Collagen supplements for tendon and ligaments  

Tendons and ligaments are like our bodies’ shock absorbers. They are notoriously difficult to study in nutrition and training responses as their turnover in the body is really slow.   In general type 2 hydrolyzed collagen or collagen peptides can be used in the body to make full-length collagen to repair skin, bone, and joints.  These claims and findings have been particularly interesting to athletes and those who live an active lifestyle. But, is collagen actually the miracle worker? 

The short answer: the jury is still out on this one and maybe down to the type, timing, dose and if you are a responder

The theory behind how collagen can help resides in the fact that while we exercise the connective tissue pulls liquid in and the idea is that the liquid within the body at that time is high in the relevant amino acids due to the collagen so this could potentially help speed up collagen synthesis.   

There have been a few studies that have been completed with small groups of athletes where they experienced increased collagen synthesis in the joints and ligaments. They took 15g of Vitamin C enriched gelatin, which is usually made from the skin, tendon, and ligaments of cows or pigs. This was taken 30 minutes before 6 mins of intermittent style exercise to stimulate collagen synthesis.  They found higher markers of collagen synthesis which shows that in theory when you eat dietary collagen and exercise you increase collagen synthesis.  It is early days yet if it impacts performance but some unpublished studies out of Keith Barrs laboratories have seen increased strength and power when supplemented before training and then a high-quality protein is taken afterward. Which leads to the idea that it may be beneficial for athletes with high training loads, during rehabilitation and return to training, off-season strength development, possibly master athletes and those on restrictive diets such as vegan, vegetarian, keto. It is hard to say whether this is true across the board. Further studies will have to be conducted regarding timing, the types, taken with caffeine or without, differences in pre and post-menopausal active women, and amount of collagen will all have to be taken into deeper consideration. 

How to take Collagen 

Taking a collagen supplement alone isn’t going to magically change you and won’t cause harm but it’s important to consider what type you are taking, why you are taking it, the cost, and be aware that a balance and variety in your diet will always be the foundation for collagen building.

The quick rule of thumb to remember is that protein after training is for repair and build muscles. Collagen is used generally before training sessions and seems to be more effective in the tendons and ligament collagen synthesis.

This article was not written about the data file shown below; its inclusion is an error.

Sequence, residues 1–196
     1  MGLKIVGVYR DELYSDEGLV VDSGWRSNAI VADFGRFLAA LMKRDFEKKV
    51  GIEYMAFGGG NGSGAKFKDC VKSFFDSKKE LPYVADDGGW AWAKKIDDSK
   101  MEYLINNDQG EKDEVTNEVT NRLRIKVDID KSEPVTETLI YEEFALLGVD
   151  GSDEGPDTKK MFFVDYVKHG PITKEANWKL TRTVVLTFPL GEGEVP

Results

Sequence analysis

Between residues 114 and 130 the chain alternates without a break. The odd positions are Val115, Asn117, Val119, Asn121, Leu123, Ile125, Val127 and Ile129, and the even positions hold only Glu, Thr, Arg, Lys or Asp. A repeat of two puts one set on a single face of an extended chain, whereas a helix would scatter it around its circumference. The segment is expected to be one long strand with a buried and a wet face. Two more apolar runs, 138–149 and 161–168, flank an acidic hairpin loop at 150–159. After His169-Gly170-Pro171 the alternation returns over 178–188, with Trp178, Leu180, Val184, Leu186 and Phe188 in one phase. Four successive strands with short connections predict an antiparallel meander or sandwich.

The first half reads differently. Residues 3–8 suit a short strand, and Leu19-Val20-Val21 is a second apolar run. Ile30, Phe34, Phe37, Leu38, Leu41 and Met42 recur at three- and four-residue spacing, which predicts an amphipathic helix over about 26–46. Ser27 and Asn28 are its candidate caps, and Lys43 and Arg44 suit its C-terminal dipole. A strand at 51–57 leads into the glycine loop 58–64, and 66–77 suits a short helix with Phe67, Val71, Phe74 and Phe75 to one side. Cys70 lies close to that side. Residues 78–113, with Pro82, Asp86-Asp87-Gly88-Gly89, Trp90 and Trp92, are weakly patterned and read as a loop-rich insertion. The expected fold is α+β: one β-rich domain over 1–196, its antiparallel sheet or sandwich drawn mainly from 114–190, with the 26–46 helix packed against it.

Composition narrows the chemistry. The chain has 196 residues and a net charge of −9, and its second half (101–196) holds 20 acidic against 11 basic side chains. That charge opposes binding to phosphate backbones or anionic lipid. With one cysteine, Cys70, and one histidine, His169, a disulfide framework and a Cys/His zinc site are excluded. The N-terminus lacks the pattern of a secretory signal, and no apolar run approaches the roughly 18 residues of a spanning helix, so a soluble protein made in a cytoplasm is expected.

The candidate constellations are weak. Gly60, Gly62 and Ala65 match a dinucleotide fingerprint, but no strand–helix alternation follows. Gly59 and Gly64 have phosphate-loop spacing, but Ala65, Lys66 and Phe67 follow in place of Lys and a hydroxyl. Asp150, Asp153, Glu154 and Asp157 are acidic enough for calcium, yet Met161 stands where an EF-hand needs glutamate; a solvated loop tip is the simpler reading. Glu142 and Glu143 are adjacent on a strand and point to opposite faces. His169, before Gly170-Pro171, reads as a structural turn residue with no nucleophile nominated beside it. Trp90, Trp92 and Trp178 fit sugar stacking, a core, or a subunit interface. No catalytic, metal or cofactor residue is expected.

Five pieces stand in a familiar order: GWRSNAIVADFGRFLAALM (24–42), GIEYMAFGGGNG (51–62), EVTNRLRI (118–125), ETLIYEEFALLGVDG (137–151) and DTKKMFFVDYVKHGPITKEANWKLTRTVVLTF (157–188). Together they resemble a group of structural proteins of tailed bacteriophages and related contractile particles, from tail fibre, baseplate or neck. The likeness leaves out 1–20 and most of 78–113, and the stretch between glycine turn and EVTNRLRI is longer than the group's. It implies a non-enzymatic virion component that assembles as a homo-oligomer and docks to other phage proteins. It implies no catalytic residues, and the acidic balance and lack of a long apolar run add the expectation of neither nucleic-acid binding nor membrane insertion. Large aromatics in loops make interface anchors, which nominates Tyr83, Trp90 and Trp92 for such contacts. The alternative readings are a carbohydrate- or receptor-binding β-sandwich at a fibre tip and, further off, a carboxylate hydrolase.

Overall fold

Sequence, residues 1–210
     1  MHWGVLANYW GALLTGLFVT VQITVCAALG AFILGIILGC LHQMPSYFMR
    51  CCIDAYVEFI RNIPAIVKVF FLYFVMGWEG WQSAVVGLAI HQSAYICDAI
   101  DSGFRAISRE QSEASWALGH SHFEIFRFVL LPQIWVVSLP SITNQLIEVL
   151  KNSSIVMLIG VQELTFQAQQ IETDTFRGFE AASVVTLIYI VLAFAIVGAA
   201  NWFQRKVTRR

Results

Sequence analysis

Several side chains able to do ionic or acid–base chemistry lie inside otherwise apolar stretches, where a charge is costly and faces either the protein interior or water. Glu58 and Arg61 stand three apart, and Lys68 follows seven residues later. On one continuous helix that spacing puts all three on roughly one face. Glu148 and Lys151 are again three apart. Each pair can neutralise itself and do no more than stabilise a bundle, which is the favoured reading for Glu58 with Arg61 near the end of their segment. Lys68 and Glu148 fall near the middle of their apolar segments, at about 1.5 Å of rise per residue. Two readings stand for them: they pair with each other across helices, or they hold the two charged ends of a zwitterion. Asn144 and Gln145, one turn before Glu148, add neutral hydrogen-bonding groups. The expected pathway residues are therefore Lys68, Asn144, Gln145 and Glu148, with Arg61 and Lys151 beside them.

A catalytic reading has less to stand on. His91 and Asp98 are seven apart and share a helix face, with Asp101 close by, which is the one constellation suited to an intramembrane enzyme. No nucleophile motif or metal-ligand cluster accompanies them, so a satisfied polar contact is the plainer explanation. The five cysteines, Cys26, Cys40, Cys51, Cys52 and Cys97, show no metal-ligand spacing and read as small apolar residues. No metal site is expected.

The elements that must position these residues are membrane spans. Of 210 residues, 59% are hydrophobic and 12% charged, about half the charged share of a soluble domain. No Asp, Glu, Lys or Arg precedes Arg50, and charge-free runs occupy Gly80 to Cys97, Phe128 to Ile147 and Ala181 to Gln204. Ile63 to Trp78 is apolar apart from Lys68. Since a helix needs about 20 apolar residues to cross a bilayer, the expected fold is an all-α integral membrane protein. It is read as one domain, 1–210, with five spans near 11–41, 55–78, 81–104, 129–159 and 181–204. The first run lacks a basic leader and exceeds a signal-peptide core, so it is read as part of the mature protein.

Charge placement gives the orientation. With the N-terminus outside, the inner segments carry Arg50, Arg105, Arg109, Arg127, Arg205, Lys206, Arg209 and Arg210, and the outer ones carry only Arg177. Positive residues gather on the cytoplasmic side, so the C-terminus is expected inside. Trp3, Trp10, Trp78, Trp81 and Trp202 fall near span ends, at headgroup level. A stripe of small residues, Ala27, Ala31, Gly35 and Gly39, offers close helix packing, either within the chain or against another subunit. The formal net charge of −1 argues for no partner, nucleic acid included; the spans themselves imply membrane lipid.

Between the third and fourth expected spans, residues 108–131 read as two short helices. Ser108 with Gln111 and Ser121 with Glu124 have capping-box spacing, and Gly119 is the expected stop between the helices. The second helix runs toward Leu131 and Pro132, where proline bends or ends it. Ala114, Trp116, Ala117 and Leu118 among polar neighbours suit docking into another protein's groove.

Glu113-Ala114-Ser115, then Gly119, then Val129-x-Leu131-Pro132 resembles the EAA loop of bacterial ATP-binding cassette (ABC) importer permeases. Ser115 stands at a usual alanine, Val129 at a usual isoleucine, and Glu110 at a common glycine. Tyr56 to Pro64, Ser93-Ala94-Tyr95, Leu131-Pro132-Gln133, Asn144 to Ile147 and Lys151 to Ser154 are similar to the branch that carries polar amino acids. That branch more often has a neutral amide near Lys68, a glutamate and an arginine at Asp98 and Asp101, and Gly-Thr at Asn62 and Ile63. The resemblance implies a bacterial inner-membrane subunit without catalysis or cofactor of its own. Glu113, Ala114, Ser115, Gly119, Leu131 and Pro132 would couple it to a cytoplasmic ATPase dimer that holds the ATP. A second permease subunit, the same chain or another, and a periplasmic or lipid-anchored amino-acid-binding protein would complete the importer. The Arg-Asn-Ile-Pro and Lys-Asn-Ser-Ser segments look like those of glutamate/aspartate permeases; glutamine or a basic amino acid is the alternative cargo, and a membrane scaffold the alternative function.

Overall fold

Type 2 collagen peptides are generally taken for cartilage, tendonitis, and osteoarthritis(can be 1-10g dosage may need to take for 6 months), Type 1 & 3 for bone, ligament and tendons, skin & hair(2.5-10g for 8-12 weeks). We may need to adjust dosages, start small amounts and then adjust. 

Vitamin C is essential and intake needs to be considered as this helps with absorption and functions as an antioxidant to combat oxidative stresses that would degrade existing collagen. Fruits and vegetables are the best sources of vitamin C and most 50mg-200mg although still unknown the optimum. 

Collagen is still undergoing a lot of research and while we know a lot more than we did, we still don’t know everything. It’s important to understand that while something may be portrayed as a miracle cure on media outlets, we must do our own due diligence before relying on it solely to fix our problems. Always assess the supplement source and it’s a good idea to buy from third-party assessed supplements such as Informed-Sport.  We do know that if you wanted to prevent injury on connective tissues,  short bouts of exercise with light weights (even 10 minutes) with >6 hours before or after training can stimulate collagen synthesis, high-quality protein foods that are leucine-rich around training will benefit tendons due to added muscle mass and strength. As blood flow is limited to resting tendons and glucose uptake is seen in exercising tendons, it’s suggested nutritional interventions designed to directly target a specific tendon/ligament needs to be in place prior to exercise. This is where timing is a very important point for supplementation. 

 With that being said, there is lots of excitement around the possibilities from collagen and in the coming years, we will receive more info!